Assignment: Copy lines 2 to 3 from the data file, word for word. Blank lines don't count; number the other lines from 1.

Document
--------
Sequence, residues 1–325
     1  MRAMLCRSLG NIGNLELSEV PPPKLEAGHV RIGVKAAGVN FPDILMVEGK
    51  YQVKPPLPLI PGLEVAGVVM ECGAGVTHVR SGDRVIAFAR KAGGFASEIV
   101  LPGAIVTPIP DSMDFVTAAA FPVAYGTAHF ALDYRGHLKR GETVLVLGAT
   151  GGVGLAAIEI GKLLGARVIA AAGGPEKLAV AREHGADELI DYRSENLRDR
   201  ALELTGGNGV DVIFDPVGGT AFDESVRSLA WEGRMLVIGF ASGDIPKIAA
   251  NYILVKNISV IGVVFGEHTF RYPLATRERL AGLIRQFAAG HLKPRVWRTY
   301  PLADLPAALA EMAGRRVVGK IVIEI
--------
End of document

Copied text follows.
     1  MRAMLCRSLG NIGNLELSEV PPPKLEAGHV RIGVKAAGVN FPDILMVEGK
    51  YQVKPPLPLI PGLEVAGVVM ECGAGVTHVR SGDRVIAFAR KAGGFASEIV